So according to Google, Panda 4.2 could take months to fully roll out.

I’ll be honest. I was completely shocked when I heard about the extended rollout. Panda usually rolled out quickly and sites that were impacted could easily identify the exact date of the impact.

One day, big impact, and easier to associate with a specific Panda update. Ah, those were the days.

Having a specific date makes it much easier for webmasters to understand what hit them, and then what to fix. With the extended rollout of Panda 4.2, sites could theoretically see impact right after 7/18, a few weeks from then, or even a few months out from 7/18. And with Google pushing hundreds of updates throughout the year (and over one thousand last year according to John Mueller), how are webmasters supposed to know if Panda impacted them, or if it was something else (like Phantom, Penguin, or any of the other updates Google rolls out during year)? Short answer: they can’t.

Is Your Online Presence Failing to Sell?: Here Are 4 Reasons Why

There is an old saying in that ‘you can bring the horse to water but you cannot make them drink’ and never has one been so accurate when talking about web traffic…


From an SEO or Social Media point of view, getting traffic to a site is the first big goal, but it has to be the right sort of traffic and then the site must do its job and get them to engage, taking a ‘sip’ if not a big gulp.

The Engagement Process

A part of this ‘engagement process’ is of course down to design, it has to appeal (very quickly) to the browser, or risk loosing them in those vital first seconds.

The next thing of course is the content of the page. Is it what the customer wants?, your Bounce Rates will tell you (and Google too if they come from a search) so need to be constantly rewiewed, just in case you are not doing things the way that your customers want, these after all being the final arbiter…

The site’s content and the way it approaches it’s customers is therefore key. It does not matter how many potential customers (horses) you deliver to a site if the ‘water’ does not look good and tasty.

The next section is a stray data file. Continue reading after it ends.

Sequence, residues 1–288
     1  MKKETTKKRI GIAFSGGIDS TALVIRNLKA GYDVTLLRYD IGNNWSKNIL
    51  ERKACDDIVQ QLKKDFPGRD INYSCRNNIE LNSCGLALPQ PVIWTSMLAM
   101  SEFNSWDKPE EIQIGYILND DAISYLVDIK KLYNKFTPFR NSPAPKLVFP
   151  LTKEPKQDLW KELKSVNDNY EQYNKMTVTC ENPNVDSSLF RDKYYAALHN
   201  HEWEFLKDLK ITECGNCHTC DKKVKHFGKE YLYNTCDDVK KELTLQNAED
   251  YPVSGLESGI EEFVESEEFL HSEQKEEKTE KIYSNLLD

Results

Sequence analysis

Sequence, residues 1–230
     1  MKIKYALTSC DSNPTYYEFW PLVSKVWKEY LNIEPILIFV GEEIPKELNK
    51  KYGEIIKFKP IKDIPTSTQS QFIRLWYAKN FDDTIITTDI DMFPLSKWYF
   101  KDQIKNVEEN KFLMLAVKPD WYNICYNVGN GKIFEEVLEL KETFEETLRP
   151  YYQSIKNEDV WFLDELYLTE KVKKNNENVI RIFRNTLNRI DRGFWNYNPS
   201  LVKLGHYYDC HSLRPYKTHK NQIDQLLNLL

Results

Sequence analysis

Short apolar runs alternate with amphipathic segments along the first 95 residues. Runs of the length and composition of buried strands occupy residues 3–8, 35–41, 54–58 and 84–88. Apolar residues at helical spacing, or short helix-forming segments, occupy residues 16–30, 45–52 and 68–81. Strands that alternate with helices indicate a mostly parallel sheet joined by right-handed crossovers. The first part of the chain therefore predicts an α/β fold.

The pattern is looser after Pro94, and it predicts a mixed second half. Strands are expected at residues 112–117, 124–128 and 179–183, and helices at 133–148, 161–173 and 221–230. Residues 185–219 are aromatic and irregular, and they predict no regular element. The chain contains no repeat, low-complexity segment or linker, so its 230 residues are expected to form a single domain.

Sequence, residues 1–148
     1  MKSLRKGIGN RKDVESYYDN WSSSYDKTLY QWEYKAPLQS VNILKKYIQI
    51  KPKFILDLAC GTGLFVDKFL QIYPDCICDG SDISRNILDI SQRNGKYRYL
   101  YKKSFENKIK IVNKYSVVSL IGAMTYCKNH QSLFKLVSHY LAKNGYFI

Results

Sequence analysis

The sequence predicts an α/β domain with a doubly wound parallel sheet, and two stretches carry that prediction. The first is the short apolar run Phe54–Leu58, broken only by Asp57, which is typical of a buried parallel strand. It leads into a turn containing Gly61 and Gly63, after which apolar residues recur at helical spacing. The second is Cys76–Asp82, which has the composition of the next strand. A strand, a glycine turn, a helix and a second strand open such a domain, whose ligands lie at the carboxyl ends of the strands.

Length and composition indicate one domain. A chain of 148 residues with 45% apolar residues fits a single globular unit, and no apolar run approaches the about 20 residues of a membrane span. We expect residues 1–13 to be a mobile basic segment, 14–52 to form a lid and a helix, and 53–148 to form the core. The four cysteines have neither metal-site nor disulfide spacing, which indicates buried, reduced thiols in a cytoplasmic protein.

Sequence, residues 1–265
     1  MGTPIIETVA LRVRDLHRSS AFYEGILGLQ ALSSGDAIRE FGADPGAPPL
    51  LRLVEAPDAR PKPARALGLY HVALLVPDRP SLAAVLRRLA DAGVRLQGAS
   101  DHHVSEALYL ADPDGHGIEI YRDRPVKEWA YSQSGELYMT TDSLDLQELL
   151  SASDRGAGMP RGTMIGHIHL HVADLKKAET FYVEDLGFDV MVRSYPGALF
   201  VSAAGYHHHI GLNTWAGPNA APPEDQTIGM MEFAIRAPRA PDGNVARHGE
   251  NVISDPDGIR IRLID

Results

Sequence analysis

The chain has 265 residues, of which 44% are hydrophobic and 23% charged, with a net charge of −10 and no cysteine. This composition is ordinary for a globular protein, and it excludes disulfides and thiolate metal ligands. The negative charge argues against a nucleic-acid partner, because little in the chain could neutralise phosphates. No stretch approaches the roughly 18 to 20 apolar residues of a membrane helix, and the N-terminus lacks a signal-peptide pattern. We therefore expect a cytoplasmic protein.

Getting on the Customers Shortlist

But what is ‘tasty?’ A very good question and one that will change depending on what the site is about and where in the buying cycle your customer is. The article below covers this in one of it’s points saying in effect that those who are just starting in their quest are looking for very general data and thus don’t want the full nine words on your product / service, but just an initial description. If you get on their shortllist they will be back..

Besides the issue of good ‘useful’ content, there is the matter of Re-Engagement. This is another topic and one that we will come back too in the future, but it is important as just because the visitor does not buy today, does not mean that they might not buy tomorrow, so keeping in contact and reminding them that you are there waiting to serve them, is a good idea.

For the full article on Why your site is not converting, please click the link.

The cheese moved. The buying process has changed. Technology to support and further that change continues to grow and evolve. Communicating through the vast array of digital channels (website, SEM, social, email) is no longer an option. It is a must-do.

The online presence of your business must attract and convert prospects. It must engage with leads through a variety of channels as users travel through a longer and more complex buying cycle.

How we market and communicate online has come a long way from static, brochure-like internet pages and “spray-and-pray” email blasts. Unfortunately, for many, online marketing is still failing to reach its full potential.

Pointing a finger at the underlying technology would be easy, e.g., marketing automation, content management systems or any of the tools and solutions laid out in Scott Brinker’s Marketing Technology Super Graphic.

It’s easy to say the technology is failing, so the marketing effort is failing. But the reality is more complex. Here are four of the biggest reasons why your online presence is failing to drive sales.

Engagement For The Wrong Reasons

Using engagement tactics that are not aligned with business goals is a huge waste of time and money. Too often, I see engagement for engagement’s sake. This results in leads stagnated in the buying cycle and low-volume sales funnels.

Having a high number of Twitter followers or a successful content syndication program is great, but that is not success.

CMOs are being judged on sales. And following your brand or downloading an asset is not a sale.

Social followers matter. They are your advocates. They can extend your message.

But focusing on the number of followers and not their engagement and conversion ratios results in negative ROI for the money spent to generate them. It also takes the marketing eye off the important goal of a sale.

Weak Commitment To Prospects